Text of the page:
The Art of Counseling (Part 2/2) by Renee Handtke
True Christian ministry will always center on grace flooding the heart so that lives are changed and problems are actively solved. One of the best ways to help people is NOT solving their problems for them, but pointing them in the right direction of God’s grace and truth. The individual we are trying to help may or may not have caused the problem, but if they relate to it the wrong way, they will most certainly make it worse. Life has a way of bringing out what’s really in us, and that is where the grace of God comes in.
In part two of this series, we want to look at solution-based counseling.
As mentioned in part one, many people solve their own problems by just talking it out and having someone listen and ask good questions. Our role as microchurch leaders is to help guide them through this process.
1. Have the Right Focus. When we learn to look through the lens of solutions, the focus becomes clearer to see new possibilities for change and a hopeful way to move forward. A person will feel motivated and encouraged when he or she discovers the next step or action they can take to resolve a problem. We want to move them from the “blame game” to effective result-oriented solutions. One way to accomplish this is by looking at previous solutions that work before. You could ask, “What did you do before that was helpful?” This will open a new door of possible solutions that they may have forgotten and allow them to see through a fresh lens.
2. Increase What Works, Decrease What Doesn’t. We want the person to recognize and realize how many times the problem is not occurring. By looking at what is working to help them with their problem, we can capitalize on their existing strengths. The emphasis is then taken off of rehearsing the problem over and over again, and placed on taking responsibility for change. This will help them feel empowered to make the necessary changes to increase what is working well. It’s a simple truth; constant negativity produces despair and hopelessness. We want to help them jump off that cycle and use the solutions that they have come up with to increase what works.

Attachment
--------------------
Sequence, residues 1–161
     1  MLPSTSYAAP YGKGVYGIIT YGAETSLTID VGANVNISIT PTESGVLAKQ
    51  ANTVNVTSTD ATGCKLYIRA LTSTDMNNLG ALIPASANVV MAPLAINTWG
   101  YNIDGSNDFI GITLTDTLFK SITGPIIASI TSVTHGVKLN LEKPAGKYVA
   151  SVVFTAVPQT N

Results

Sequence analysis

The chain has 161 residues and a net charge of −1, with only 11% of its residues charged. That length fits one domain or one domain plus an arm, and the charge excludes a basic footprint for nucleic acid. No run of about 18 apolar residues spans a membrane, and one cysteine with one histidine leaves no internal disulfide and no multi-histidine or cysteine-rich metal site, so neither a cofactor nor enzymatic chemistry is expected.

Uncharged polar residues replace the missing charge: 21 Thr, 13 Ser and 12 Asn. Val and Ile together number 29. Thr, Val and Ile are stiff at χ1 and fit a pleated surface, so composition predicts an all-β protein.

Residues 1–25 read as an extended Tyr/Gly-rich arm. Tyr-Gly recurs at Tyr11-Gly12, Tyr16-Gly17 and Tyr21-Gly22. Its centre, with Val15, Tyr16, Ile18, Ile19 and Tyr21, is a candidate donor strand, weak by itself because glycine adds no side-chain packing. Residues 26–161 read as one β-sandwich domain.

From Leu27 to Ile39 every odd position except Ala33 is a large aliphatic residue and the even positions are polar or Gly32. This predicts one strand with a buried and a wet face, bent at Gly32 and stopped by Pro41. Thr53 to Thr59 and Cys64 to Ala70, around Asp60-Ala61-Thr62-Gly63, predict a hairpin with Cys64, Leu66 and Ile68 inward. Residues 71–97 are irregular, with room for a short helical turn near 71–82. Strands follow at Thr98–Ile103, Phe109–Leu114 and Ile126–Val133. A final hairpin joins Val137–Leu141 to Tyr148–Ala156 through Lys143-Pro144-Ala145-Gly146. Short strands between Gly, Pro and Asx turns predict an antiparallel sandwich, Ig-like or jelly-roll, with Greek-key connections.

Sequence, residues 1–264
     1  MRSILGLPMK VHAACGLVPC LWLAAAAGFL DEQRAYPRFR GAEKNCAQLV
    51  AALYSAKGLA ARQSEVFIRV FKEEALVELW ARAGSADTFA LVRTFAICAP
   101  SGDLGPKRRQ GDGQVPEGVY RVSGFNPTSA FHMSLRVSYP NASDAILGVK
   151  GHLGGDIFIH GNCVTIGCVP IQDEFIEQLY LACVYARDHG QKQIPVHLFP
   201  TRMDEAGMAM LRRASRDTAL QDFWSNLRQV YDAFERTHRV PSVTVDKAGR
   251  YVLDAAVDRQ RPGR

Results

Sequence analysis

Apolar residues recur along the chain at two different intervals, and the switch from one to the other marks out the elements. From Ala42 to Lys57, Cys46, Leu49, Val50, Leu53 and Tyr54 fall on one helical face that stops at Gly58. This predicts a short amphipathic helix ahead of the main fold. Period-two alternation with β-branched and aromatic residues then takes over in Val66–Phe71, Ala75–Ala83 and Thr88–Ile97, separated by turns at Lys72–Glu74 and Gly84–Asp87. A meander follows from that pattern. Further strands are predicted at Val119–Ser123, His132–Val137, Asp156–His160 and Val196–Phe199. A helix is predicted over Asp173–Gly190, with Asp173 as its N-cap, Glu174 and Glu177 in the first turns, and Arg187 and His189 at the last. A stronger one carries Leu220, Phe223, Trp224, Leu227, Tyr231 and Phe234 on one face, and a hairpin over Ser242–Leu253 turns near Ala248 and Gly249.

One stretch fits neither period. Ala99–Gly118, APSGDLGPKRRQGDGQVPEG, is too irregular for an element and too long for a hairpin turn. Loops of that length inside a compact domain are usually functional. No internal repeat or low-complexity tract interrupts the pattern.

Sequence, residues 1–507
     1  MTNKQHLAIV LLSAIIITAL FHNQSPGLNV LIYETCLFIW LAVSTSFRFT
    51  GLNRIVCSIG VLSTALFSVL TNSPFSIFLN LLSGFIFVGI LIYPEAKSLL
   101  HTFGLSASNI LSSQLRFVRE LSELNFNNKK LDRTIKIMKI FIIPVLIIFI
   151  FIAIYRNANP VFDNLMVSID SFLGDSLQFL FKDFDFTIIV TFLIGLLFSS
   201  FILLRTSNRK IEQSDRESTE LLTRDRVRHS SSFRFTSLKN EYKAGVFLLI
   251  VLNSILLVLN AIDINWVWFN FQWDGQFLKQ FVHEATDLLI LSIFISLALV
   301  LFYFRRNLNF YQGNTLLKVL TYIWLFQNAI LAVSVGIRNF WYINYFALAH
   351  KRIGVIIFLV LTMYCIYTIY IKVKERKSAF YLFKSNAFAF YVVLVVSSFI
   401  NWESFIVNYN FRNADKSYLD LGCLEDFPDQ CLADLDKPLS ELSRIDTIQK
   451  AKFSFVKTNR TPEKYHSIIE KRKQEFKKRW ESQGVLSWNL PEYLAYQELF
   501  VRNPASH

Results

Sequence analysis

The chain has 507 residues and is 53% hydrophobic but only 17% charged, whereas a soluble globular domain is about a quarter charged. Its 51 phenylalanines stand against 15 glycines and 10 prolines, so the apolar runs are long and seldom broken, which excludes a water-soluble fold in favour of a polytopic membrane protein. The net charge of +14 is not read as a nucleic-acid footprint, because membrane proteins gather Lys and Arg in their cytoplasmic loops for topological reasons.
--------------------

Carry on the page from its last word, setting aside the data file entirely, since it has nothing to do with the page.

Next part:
3. Set Specific Goals. Just sitting around and talking about the problem will provide little benefit without helping the person come up with specific goals for change. These goals need to be realistic, achievable, and specific to the problem. Each goal needs to be determined by the person you are counseling, not you. If they “own it” they are more likely to work towards making it happen.
Specific goals are small, particular, detailed, and behavioral. The emphasis should be on what the person will be doing or thinking, instead of what they will not be doing or thinking.
When a person has clear defined goals, they are encouraged to take the first step in their journey towards the solution. Small baby steps go along way in this process. You can help them stay on track each time you meet or talk about their problem by referring back to the specific goals they have set.
As microchurch leaders, when we counsel others it will require us to focus our attention on being lead by the Holy Spirit and abiding in the Lord and what His Word reveals. We certainly need His guidance to help us when we give advice or counsel others. As we grow in the knowledge of God’s grace, we can better distribute that to others we are trying to help.
By Renee Handtke